16. 16. 1 • Administration - JMS does not define an API for administering messaging products. • Security - JMS does not specify an API for controlling the privacy and integrity of messages. It also does not specify how digital signatures or keys are distributed to clients. Security is considered to be a JMS provider- specific feature that is configured by an administrator rather than controlled via the JMS API by clients. • Wire Protocol - JMS does not define a wire protocol for messaging. • Message Type Repository - JMS does not define a repository for storing message type definitions and it does not define a language for creating message type definitions.1.3 What Is Required by JMS The functionality discussed in the specification is required of all JMS providers unless it is explicitly noted otherwise. Providers of JMS point-to-point functionality are not required to provide publish/subscribe functionality and vice versa. JMS is also used within the Java 2, Enterprise Edition (J2EETM) platform. See Section 1.4, “Relationship to Other Java APIs” for additional requirements for JMS when it is integrated in that software environment.1.4 Relationship to Other Java APIs 1.4.1 Java DataBase Connectivity (JDBCTM) Software JMS clients may also use the JDBC API. They may desire to include the use of both the JDBC API and the JMS API in the same transaction. In most cases, this will be achieved automatically by implementing these clients as Enterprise JavaBeansTM components. It is also possible to do this directly with the Java Transaction API (JTA). Introduction— April 12, 2002 17
  17. 17. 1 1.4.2 JavaBeansTM Components JavaBeans components can use a JMS session to send/receive messages. JMS itself is an API and the interfaces it defines are not designed to be used directly as JavaBeans components. 1.4.3 Enterprise JavaBeansTM Component Model The JMS API is an important resource available to Enterprise Java Beans (EJBTM) component developers. It can be used in conjunction with other resources like JDBC to implement enterprise services. The EJB 2.0 specification defines beans that are invoked synchronously via method calls from EJB clients. It also defines a form of asynchronous bean that is invoked when a JMS client sends it a message, called a message-driven bean. The EJB specification supports both synchronous and asynchronous message consumption. In addition, EJB 2.0 specifies how the JMS API participates in bean-managed or container-managed transactions. The EJB 2.0 specification restricts how to use JMS interfaces when implementing EJB clients. Refer to the EJB 2.0 specification for the details. 1.4.4 Java Transaction API (JTA) The javax.transaction package provides a client API for delimiting distributed transactions and an API for accessing a resource’s ability to participate in a distributed transaction. A JMS client may use JTA to delimit distributed transactions; however, this is a function of the transaction environment the client is running in. It is not a feature of JMS. A JMS provider can optionally support distributed transactions via JTA. 1.4.5 Java Transaction Service (JTS) JMS can be used in conjunction with JTS to form distributed transactions that combine message sends and receives with database updates and other JTS aware services. Distributed transactions should be handled automatically when a JMS client is run from within an application server such as an Enterprise JavaBeans server; however, it is also possible for JMS clients to program them explicitly.18 Java Message Service — Version 1.1 April 12, 2002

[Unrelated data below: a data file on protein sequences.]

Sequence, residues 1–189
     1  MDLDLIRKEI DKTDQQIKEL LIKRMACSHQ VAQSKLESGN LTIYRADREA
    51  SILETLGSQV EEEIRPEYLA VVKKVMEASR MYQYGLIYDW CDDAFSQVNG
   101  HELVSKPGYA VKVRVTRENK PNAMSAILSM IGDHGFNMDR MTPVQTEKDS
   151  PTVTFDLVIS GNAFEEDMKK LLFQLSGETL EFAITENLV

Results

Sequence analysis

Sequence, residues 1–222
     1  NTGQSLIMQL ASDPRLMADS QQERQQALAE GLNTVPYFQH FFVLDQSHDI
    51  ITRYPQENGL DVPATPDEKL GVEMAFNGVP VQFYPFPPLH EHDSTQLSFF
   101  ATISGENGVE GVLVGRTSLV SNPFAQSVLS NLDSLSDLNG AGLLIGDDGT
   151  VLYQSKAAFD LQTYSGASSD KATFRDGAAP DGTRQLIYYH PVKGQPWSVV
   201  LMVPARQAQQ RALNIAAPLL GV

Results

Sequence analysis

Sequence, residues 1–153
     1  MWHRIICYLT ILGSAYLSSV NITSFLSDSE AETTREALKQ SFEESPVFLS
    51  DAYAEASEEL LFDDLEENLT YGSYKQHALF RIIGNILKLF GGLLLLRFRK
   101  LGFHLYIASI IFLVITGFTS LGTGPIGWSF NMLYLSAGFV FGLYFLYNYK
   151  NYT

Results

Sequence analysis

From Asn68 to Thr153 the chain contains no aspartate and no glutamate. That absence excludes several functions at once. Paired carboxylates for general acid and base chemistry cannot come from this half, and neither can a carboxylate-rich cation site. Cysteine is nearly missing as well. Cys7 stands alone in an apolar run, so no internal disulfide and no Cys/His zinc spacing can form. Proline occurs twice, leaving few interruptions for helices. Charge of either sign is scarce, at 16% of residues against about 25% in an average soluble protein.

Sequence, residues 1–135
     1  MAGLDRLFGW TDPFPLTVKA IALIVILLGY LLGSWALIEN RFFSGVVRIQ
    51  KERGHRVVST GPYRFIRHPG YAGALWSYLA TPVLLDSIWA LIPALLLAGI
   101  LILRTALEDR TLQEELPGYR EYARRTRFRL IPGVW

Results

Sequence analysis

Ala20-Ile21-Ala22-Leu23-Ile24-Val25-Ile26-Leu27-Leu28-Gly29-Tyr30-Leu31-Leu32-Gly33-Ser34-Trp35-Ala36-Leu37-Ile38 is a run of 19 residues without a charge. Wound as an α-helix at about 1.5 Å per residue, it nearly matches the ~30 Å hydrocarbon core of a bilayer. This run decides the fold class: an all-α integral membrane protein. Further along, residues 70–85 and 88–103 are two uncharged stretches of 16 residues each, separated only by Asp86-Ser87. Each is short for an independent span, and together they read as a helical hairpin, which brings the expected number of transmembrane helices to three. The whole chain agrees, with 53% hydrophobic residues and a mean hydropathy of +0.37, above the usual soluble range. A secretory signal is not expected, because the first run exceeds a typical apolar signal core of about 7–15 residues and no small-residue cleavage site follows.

18. 18. 1 1.4.6 Java Naming and Directory InterfaceTM (JNDI) API JMS clients look up configured JMS objects using the JNDI API. JMS administrators use provider-specific facilities for creating and configuring these objects. This division of work maximizes the portability of clients by delegating provider-specific work to the administrator. It also leads to more administrable applications because clients do not need to embed administrative values in their code. 1.4.7 Java 2, Enterprise Edition (J2EE) Platform The J2EE platform specification (version 1.3) requires support for the JMS API as part of the J2EE platform. The J2EE platform specification places certain additional requirements on the implementation of JMS beyond those described in the JMS specification, including the support of both Point-to-Point and Publish/Subscribe domains. 1.4.8 Integration of JMS with the EJB Components The J2EE platform and EJB specifications describe additional requirements for a JMS provider that is integrated into the J2EE platform. One of the key set of requirements is how JMS message production and JMS message consumption interact with the transactional requirements of container-managed transactions in enterprise beans. Refer to these two specification for full requirements for JMS integration. This JMS API specification does not address a model for implementing these requirements for integration. Therefore, different JMS provider implementations may implement integration with the J2EE platform and support EJB requirements in different ways. In the future, an integration point for JMS integration into J2EE platforms will be provided using the J2EE Connector Architecture.1.5 What is New in JMS 1.1? In previous versions of JMS, client programming for the Point-to-Point and Pub/Sub domains was done using similar but separate class hierarchies. In Introduction— April 12, 2002 19